My friend Patrick, who blogs at The Paragraph Farmer, tackles a very difficult question in today’s American Spectator: Why, in a world that daily reminds us of man’s inhumanity to man, does the Holocaust still stands as the ne plus ultra of the human ability to kill? It’s a thoughtful article, and one I urge you to read. In addition to the points Patrick made, I want to add a few things that make the Holocaust unique amongst the atrocities man has always been capable of visiting against his fellow man. In no particular order:
1. Culture. One of the things that made the Holocaust particularly horrible was the culture from which it sprang. In the annals of Western Civilization, Germany had ascended to the highest peak: it’s art, literature, music and science were the envy of the world. That this culture, this culture of all cultures, could do what it did spells out something particularly horrible about the human capacity for evil. We expect “less civilized” cultures to commit atrocities because we can then distance ourselves from those acts. When a culture to which we compare ourselves or to which we aspire commits those same atrocities, it reminds us that none of us are safe from the evil that lurks within us.
2. Science and method. Consistent with it’s sophisticated culture, the Germans engaged in murder with a single minded scientific fervor that’s never been equaled. Other cultures engage in mass slaughter in a blunt, almost animalistic way, crudely starving or executing those under their aegis (I’m thinking Communists here, both Soviet and Asian, or the machetes of the Hutus). The Germans, however, engaged in mass death scientifically, working their way through a variety of methods until they found the most efficient way to kill the most people — and then carefully, scientifically recorded their work with detailed records, including the names of most of their victims. They also enshrined their “scientific” progress with boastful photographs. Those same photos reveal another side of the Holocaust, which is that the Germans reveled in killing. While the Communists as part of their grand socialization plans managed to starve millions and millions of people in Russia, China and Cambodia, they didn’t have people gleefully skinning their victims to make lamp shades, or subjecting them to gruesome scientific experiences as part of the “fun of it all.”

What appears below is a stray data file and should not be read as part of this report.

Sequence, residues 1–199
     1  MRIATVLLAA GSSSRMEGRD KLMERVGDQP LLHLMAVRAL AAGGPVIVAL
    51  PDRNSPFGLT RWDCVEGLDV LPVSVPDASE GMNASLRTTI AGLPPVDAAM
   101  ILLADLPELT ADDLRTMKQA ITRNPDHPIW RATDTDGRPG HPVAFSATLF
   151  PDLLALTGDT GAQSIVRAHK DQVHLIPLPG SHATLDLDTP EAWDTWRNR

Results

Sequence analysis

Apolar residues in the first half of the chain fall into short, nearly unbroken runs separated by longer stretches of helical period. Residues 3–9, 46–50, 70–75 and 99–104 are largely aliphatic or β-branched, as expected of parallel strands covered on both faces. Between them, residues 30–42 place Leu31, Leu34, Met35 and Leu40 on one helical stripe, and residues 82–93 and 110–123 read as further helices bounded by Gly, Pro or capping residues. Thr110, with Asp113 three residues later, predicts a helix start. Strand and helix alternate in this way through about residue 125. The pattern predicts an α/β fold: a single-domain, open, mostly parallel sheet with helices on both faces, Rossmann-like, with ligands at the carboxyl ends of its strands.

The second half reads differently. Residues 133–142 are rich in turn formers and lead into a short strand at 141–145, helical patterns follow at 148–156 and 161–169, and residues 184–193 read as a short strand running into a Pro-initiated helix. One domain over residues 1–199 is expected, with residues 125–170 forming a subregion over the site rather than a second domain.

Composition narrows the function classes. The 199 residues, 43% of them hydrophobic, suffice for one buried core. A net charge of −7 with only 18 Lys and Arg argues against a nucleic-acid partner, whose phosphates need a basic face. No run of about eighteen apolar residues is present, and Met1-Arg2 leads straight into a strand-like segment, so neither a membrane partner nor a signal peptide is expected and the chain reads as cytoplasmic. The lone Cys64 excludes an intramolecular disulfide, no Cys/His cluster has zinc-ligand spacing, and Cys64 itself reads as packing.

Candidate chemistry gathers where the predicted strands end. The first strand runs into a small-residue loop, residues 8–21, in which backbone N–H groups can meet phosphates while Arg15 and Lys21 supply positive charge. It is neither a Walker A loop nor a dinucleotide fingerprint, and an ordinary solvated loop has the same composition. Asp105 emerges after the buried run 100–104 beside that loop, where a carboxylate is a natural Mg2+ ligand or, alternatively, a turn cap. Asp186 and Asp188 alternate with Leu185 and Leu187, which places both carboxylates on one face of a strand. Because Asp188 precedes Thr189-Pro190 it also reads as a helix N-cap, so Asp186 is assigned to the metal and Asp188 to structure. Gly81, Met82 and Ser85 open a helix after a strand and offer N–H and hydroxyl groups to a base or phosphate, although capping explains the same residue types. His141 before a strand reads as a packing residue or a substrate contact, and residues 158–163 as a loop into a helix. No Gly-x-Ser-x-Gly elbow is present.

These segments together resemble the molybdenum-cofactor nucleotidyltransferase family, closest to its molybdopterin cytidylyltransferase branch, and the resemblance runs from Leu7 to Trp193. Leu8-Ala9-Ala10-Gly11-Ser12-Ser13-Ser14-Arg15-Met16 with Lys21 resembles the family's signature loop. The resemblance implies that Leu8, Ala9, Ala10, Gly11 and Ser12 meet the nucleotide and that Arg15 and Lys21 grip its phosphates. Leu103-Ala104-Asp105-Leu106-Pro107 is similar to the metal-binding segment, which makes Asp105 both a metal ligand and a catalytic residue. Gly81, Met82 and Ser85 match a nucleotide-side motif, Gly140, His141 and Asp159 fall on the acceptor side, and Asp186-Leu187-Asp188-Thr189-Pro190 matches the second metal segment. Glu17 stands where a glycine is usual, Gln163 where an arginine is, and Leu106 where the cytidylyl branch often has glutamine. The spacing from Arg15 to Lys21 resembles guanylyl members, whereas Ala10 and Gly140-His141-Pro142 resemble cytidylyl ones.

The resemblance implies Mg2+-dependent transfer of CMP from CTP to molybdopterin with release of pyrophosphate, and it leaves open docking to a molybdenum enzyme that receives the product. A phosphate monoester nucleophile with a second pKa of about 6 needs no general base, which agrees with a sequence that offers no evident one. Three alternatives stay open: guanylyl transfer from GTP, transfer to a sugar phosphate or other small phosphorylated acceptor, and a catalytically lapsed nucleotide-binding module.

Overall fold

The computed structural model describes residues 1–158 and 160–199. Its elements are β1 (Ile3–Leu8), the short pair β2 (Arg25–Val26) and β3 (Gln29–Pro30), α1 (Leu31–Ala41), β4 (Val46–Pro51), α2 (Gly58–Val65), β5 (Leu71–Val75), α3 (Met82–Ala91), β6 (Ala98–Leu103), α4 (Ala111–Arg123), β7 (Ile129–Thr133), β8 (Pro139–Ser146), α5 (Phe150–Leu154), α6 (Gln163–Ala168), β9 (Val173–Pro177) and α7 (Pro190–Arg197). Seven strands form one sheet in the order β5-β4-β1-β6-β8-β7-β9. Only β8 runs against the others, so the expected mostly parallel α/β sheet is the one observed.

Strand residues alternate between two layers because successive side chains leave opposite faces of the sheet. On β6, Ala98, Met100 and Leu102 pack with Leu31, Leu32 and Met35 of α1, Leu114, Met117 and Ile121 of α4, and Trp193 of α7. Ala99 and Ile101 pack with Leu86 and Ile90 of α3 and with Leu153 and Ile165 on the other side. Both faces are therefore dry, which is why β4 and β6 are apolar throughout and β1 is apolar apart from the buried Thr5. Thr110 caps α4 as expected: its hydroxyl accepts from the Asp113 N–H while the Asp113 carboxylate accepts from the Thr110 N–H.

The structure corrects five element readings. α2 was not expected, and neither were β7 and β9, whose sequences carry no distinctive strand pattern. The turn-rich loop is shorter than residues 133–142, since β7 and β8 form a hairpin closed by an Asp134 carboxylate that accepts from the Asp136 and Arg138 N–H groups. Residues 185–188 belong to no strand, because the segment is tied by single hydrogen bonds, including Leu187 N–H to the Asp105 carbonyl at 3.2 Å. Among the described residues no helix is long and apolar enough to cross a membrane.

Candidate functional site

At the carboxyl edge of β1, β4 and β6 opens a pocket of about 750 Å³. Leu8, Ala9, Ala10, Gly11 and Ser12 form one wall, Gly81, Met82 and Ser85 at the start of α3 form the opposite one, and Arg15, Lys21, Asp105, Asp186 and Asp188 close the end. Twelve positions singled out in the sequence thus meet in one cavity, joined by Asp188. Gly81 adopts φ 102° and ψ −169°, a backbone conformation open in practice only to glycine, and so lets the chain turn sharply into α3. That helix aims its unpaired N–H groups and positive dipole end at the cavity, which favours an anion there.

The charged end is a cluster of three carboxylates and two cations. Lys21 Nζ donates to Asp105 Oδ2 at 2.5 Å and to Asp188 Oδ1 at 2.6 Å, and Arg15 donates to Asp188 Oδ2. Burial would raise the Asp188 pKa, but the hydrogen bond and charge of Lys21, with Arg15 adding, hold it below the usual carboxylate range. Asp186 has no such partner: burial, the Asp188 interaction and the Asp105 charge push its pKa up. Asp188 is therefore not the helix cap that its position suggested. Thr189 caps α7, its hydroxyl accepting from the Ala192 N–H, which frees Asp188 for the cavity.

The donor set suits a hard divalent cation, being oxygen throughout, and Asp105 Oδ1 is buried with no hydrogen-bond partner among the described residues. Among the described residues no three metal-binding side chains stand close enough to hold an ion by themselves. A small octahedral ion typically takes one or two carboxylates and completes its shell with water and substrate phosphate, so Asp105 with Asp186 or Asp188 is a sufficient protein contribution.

3. Geography. Patrick makes a point about localization, namely that the German nation was one killer, and it’s easy to identify and blame one killer, while Communism, an ideology, kills all over. This is a good point, but I think there’s a different localization point to be made, and that is the fact that Germans went beyond their locality, not in pursuit of a political ideology, a la the Communists, put in pursuit of their genocidal killing strategy. All other mass murders have been aimed at people within the killing culture. Hutus killed their resident Tutsis, Turks their resident Armenians, Serbs their resident Bosnians, Light skinned Muslim Sudanese their resident Christians and dark skinned Muslims, Communists of whatever nation killed “state enemies” within their own borders, and so on and so on. Only the Nazis went on an actual hunt for their victims, trolling through country after country to gather and destroy them. This too makes the Nazis different from any other mass murderers in world history.
4. Deniability or the lack thereof. Most other mass murderers engage in the “deny, deny, deny” approach to mass murder. As I noted above, the Germans were incredibly proud of what they were doing, and carefully documented everything. The insanity of the Holocaust deniers aside, there is too much evidence for there ever to be plausible deniability.
5. The nature of the victims. The Jews are the people of the Book. They are verbal people. In other, non-literate or less literate cultures, the stories of the horrors visited on them quickly devolve into little more than an oral myth, that has no traction. Jews, by talking, by writing books, etc., keep the story alive.